Many millions of people switched to remote work at the onset of the pandemic, perhaps returning to the office only briefly since then to grab our desk photos and surviving houseplants.
Maybe some have been returning to the office routine here and there. But in the meantime, many folks still find themselves habitually using a lot of workplace phrases that, upon reflection, seem laughably nonsensical or even antiquated.
Here are a few such terms that no longer apply—or at least hit differently these days—along with possible explanations and advice for how you might adapt them to a remote work world.
1 Let’s take this offline
First, thank you: If something comes up that only two people need to go into detail about during a meeting with five other people, it’s considerate of you to wait to hash out the specifics separately later on.
Trouble is, if we’re all working remotely, there is no “offline”—just a different video chat, phone call, Slack channel, or another opportune communication platform for someone’s pet to steal the spotlight. So instead, we suggest just saying “let’s sort this out afterward,” or, if you crave a shiny replacement term, “we can sidebar later.”
2 Meeting face-to-face
In a technical sense, a lot less of this happens lately—but also, aren’t most of your meetings through a video platform, presumably with everyone’s camera on? (We’re not counting your colleague Tomás, who boldly defies convention by chronically pointing his camera at just the top quarter of his head, but never mind.)
Here, we think the idea you’re trying to convey is meeting directly in real time, not in asynchronous messages and not as incorporeal voices. You might try just saying you’re “meeting directly” instead or even specify your preferred platform. In certain crowds, calling this a “1:1” has also gained some recent cachet.
>>Read More: How to Determine if a Meeting Is Really Necessary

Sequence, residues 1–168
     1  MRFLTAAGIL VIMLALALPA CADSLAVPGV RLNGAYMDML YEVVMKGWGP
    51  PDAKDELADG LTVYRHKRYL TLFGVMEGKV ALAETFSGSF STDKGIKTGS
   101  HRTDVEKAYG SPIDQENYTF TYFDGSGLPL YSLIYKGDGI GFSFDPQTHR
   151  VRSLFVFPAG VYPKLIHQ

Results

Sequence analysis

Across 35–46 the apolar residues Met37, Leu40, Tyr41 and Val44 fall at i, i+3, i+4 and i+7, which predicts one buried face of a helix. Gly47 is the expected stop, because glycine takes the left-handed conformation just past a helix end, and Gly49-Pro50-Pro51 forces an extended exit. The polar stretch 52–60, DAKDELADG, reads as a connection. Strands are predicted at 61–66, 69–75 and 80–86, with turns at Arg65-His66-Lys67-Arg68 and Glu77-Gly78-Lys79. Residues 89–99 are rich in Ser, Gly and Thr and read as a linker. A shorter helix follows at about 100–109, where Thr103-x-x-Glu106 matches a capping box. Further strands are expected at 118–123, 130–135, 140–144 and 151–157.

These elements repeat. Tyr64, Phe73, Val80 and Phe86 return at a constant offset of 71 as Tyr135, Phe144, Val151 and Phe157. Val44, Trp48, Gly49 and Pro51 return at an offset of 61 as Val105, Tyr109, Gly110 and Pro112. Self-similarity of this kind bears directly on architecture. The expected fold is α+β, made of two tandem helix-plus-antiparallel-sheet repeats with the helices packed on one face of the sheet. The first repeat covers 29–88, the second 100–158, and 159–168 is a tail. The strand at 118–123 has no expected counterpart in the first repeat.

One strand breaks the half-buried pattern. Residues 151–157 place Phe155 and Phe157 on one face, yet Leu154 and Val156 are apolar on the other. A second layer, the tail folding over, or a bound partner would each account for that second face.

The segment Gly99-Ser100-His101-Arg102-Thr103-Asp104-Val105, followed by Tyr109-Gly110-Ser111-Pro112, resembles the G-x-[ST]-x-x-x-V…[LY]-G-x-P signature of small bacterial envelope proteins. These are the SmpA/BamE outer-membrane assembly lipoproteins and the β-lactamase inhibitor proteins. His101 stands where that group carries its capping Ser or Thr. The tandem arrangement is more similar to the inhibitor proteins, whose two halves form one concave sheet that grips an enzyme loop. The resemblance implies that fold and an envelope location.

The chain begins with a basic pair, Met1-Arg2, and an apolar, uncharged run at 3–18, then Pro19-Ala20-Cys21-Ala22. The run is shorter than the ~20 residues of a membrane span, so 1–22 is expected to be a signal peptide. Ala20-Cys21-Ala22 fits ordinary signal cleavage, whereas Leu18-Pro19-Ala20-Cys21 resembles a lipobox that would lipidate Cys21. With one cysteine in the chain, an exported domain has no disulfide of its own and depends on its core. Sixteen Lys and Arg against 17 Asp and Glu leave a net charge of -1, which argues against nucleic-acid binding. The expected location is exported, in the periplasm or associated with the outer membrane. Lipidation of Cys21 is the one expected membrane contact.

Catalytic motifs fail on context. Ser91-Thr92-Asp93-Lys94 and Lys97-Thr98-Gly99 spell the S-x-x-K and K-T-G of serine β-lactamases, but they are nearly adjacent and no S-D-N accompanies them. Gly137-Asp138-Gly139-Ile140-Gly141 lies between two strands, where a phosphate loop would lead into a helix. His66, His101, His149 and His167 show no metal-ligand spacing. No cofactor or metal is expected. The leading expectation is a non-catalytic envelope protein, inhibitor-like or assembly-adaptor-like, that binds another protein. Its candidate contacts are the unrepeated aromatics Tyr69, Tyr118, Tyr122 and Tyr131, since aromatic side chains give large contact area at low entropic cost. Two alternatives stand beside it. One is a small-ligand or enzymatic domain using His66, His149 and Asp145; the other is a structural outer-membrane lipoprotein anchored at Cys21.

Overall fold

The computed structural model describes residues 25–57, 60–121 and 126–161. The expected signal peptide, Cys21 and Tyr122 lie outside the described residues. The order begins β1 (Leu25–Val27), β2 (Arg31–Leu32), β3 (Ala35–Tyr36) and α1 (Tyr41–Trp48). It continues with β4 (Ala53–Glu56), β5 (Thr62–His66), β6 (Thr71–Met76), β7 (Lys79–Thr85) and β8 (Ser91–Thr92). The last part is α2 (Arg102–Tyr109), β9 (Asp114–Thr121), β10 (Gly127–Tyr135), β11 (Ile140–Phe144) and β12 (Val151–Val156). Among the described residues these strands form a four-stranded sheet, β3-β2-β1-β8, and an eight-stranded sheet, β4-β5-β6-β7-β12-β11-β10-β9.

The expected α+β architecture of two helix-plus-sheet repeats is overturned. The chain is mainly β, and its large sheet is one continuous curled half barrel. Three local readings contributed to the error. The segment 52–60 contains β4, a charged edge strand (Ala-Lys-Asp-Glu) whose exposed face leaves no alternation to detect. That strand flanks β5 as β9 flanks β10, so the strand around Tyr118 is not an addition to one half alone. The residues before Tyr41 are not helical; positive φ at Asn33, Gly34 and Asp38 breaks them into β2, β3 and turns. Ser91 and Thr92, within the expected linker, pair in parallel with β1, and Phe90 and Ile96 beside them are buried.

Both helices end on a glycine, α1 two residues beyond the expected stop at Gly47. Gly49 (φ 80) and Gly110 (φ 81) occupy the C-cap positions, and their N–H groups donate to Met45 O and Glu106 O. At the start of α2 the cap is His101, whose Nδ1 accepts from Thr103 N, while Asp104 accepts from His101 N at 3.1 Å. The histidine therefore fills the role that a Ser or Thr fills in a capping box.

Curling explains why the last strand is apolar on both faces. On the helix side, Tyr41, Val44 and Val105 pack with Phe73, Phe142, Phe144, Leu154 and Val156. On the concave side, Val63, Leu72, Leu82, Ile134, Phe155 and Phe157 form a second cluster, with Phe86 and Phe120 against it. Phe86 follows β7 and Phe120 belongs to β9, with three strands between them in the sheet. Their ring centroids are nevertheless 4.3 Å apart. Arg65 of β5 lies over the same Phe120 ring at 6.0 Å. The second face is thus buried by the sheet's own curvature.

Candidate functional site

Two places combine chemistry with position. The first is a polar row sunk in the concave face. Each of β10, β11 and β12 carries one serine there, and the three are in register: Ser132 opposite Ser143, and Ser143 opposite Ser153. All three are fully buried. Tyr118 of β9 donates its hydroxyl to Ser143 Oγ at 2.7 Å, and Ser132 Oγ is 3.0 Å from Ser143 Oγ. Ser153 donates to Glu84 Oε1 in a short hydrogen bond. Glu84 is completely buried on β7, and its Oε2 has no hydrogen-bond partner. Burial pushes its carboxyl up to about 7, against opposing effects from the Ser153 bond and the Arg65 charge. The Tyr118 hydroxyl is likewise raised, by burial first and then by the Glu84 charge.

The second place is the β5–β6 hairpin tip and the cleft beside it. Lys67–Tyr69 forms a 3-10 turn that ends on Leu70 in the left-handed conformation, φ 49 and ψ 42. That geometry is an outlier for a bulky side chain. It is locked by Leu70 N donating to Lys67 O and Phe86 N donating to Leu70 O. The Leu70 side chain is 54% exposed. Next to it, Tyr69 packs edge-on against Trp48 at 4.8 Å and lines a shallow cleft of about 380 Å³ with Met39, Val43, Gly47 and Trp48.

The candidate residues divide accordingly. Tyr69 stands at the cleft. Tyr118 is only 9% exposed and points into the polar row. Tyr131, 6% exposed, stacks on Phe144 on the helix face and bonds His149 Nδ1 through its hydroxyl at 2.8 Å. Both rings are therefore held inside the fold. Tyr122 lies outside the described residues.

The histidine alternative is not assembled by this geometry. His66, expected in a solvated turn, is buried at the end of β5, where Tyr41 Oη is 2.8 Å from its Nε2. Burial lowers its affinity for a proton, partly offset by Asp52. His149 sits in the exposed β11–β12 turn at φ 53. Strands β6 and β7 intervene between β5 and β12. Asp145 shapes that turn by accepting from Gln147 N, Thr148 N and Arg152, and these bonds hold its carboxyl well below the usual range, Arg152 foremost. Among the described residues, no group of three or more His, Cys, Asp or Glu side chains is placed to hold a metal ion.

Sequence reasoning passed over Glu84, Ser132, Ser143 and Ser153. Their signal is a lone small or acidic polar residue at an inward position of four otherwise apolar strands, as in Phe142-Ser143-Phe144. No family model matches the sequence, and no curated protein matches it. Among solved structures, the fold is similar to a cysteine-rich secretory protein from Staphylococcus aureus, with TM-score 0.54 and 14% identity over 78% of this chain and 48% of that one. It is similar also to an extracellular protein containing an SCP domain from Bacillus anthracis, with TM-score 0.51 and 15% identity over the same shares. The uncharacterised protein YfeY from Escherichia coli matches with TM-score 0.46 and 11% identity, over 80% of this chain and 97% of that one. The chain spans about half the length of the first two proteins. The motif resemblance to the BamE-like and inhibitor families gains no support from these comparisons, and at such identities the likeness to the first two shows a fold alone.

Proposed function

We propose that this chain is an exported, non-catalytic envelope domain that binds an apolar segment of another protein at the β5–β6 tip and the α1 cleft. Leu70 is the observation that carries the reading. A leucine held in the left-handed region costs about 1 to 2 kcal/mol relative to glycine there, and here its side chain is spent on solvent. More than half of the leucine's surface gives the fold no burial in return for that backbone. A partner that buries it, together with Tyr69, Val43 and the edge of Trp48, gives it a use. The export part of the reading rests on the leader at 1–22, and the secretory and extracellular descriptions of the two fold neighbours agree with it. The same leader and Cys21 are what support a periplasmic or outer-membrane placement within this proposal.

3 Water cooler talk
Did your office even have a water cooler in the Before Times? And supposing it did, would leaning against it be the preferred place to vent about how arduous your commute was—or that incredible blown call in last night’s sportsball game?
Depending on your preferred flavor of “water cooler talk,” we can think of a number of more precise replacement terms:
- Company gossip (although partaking in this has its downsides)
- Sports talk
- Making chitchat
- Catching up
Actually, then again, the dead metaphor of “water cooler talk” might just be your least ungainly option here.
>>Read More: How to Set Boundaries Around Social Chit-Chat at Work
4 Onsite interview
In a bygone era, this meant getting invited to visit a prospective employer, tour the place where you might soon work, and meet your potential colleagues. It was a solid indicator you were a legit contender for the job.
But now that it’s increasingly common to work so remotely you’re not even sure you could pick your colleagues out of a lineup, where would “onsite” even be? The cloud? The beautiful anonymous islands of a Zoom background?
So rather than say you secured an onsite interview, you might just say you’re a finalist for the position. Good luck!
>>Read More: 5 Tips to Make Remote Interviewing a Breeze
5 Shoulder tap
We hope you weren’t deploying this one literally in anyone’s space—least of all while they had headphones on. Anyway, our main memory of it was in the sentence “our office has adopted a strict no-shoulder-tap policy,” meaning “please stop swinging by my desk with random interruptions, I work there.” Hence this answer for a term to replace the outmoded shoulder tap: Be straightforward and call it an interruption.
(This also highlights one of the author John McPhee’s venerable tips: Sometimes, you want a simpler word, not a more rarefied one—and are better off searching for it in a dictionary rather than a thesaurus.)
6 OOO (Out-of-office)
We should just admit this one was awful even when there was an office to be out of.
“Can we reschedule? I’m OOO then” is a lexical mess. It makes us think: Typo? Spooky sound? You’re in awe of something? Feeling nauseous? And then, only in a distant fourth: Ah, got it, you’re off work that day—enjoy!
We’ve seen folks substitute in the slightly more intelligible “I’m on PTO then,” meaning “paid time off,” though this seems a curious humblebrag. If you’re ravenous for an alternative acronym, you might try AFK, which any gamer will tell you means “away from keyboard,” but here’s our suggestion: Just say you’re off that day.
>>Read More: How to Write an Effective Out-of-Office Message
7 Meeting for coffee
Honestly, we miss this one. It could be a real impromptu treat to walk across the street with a more seasoned colleague for a quick mentoring session over cold brews. Alas, if that type of interaction hasn’t gone outright missing from your workday, obtaining it remotely likely requires a bit more structure and deliberation.
Here, again, it might be best to go with a straightforward option and be direct. You might have once said, “Hey, I like how the project you just wrapped up turned out. Can we set up some time to talk about how you pulled it off?” Notice that we suggest simply dropping the coffee mention when you ask them to meet.
Of course, if you’ll just be chatting over video, nothing’s stopping you from having your favorite mug within reach.